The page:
Tom Watson’s return engagement as U.S. Ryder Cup captain was such a shock to Darren Clarke that last year’s British Open champion may have added Colin Montgomerie’s name beside his and Paul McGinley’s on the ballot for 2014 European team skipper.
A race many believed had come down to a two-man playoff between Clarke and McGinley seems to have blown wide open in the wake of the appointment of 63-year-old Watson, who managed the victorious 1993 team at The Belfry in England. Clarke, for one, believes the Euros may have to break with tradition and re-anoint a former cup commander of their own if they hope to trump the Americans’ “big statement” assignment of Watson to lead his troops at Scotland’s Gleneagles two years hence.
“There are few more iconic figures in golf, he’s adored in Scotland, and it sends out a statement that they are very serious about winning the trophy back,” Clarke, in London Friday to receive the PGA Recognition Award, told reporters. “Maybe we have to have a look and consider other people as well. Whoever it is standing on that stage opposite Tom Watson needs a huge presence.”
That distinctive deportment is surely something Colin Montgomerie would provide.
Clarke also pontificated about needing “the right man for the job.
“We do have an [unwritten] rule where we don’t ask anybody to do it again,” he said, noting that he would like to play one more time in the biennial event, “but we might have to look at that.”
Should European Tour officials change the play at the line of scrimmage, we’re guessing Monty (who’s currently Gronk-spiking a round, dimpled orb over his upcoming induction into the World Golf Hall of Fame) could be double-covered and still jumping up and down and shouting, “Me! I’m open! Throw me the damn ball!”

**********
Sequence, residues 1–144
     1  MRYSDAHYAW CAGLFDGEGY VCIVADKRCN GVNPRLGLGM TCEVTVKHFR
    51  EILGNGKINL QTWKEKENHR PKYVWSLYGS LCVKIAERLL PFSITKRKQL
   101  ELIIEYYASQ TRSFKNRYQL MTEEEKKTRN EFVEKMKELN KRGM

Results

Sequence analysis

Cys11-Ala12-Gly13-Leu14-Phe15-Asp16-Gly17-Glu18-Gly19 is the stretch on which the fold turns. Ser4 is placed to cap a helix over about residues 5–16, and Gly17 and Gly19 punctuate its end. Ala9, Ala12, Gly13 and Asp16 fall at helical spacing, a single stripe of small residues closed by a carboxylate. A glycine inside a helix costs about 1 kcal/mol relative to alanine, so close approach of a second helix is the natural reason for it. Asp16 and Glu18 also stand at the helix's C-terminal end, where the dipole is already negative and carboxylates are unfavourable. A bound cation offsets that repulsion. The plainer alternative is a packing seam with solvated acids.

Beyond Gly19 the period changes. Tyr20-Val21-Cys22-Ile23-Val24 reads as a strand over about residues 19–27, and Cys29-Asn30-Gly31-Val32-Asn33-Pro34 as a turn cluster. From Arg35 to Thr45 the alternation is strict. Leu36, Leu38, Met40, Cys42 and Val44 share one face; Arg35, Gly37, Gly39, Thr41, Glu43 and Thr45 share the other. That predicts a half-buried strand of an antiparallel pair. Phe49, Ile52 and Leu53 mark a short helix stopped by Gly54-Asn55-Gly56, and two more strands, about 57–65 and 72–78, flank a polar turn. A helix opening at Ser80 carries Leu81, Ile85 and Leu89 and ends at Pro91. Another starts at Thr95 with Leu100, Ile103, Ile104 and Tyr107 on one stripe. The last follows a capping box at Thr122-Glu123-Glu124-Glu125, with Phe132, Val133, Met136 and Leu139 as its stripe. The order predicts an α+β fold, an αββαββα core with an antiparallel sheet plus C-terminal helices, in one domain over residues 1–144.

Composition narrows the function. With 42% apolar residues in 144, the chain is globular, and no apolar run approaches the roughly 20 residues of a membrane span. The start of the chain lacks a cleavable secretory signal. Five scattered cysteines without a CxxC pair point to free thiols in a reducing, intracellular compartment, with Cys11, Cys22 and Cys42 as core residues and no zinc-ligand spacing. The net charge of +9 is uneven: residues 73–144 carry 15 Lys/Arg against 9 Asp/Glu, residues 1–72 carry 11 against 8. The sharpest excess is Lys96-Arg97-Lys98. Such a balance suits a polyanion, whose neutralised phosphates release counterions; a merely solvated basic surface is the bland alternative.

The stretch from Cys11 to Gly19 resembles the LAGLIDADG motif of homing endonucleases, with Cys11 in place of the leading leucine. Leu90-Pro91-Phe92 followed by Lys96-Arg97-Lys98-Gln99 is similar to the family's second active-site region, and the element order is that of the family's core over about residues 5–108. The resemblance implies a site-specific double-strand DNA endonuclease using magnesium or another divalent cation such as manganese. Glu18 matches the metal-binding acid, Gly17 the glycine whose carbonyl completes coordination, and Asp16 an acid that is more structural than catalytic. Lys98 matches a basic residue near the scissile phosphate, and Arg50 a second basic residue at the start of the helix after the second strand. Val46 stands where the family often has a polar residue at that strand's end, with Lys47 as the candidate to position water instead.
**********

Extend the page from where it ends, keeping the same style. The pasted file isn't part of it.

Montgomerie, after all, likely secured his not exactly landslide HoF victory (51 percent of the international balloting) on the strength of his Ryder Cup career. The eight-time top-ranked European golfer went undefeated in singles play in eight straight cup appearances and steered his team to victory in 2010 at Celtic Manor.
Monty bleeds European blue and yellow. The 49-year-old Scot was all over Medinah in September as a color analyst for Sky Sports and Golf Channel, as well as in an informal capacity as head cheerleader for the away team. He has, as always, been unfettered in his opinions on all things Ryder Cup.
Montgomerie contended this week, for example, that the several Euro golfers who play -- and in many cases, live -- in the U.S., should compete closer to home.
“We need to get our team to Gleneagles [site of the ’14 matches],” he told the Daily Mail's Mark Garrod. “We have to have that advantage. In 1997 our biggest advantage was Valderrama. The Americans had three days to prepare, we had 10 years.”
Montgomerie also suggested that European Tour officials pick pilots for the next two teams at the same time -- as they did when they named Ian Woosnam and Nick Faldo for 2006 and 2008, respectively.
"There is an opportunity to do two at one time again," he said. "Both [Clarke and McGinley] are respected in the game and great candidates.”
Bottom line, of course, was to choose “the best man for the job,” Montgomerie said.
That man, hinted Clarke, could well be Monty, who -- prior to the announcement of his HoF selection -- begged off such approaches.
“It’s the greatest honor bestowed on any European golfer to captain one’s Ryder Cup team,” he told Sky Sports after Watson accepted the U.S. captaincy. “I had that honor and managed to just about succeed but, at the same time, I think it is a one-hit deal now and I think the days of Tony Jacklin having done it four times and Bernard Gallacher three are in the past.
“There are some great candidates within the European Tour and I wish them well,” said Montgomery.
In the flush of his Hall of Fame honor, might Montgomery reconsider and toss his golf visor into the ring? A (very) little coaxing from Clarke, today’s slight favorite to take over the 2014 European team (as was David Toms for a time for the American gig, so things change), could go a long way toward convincing Captain Doubtfire to answer the call of duty one more time.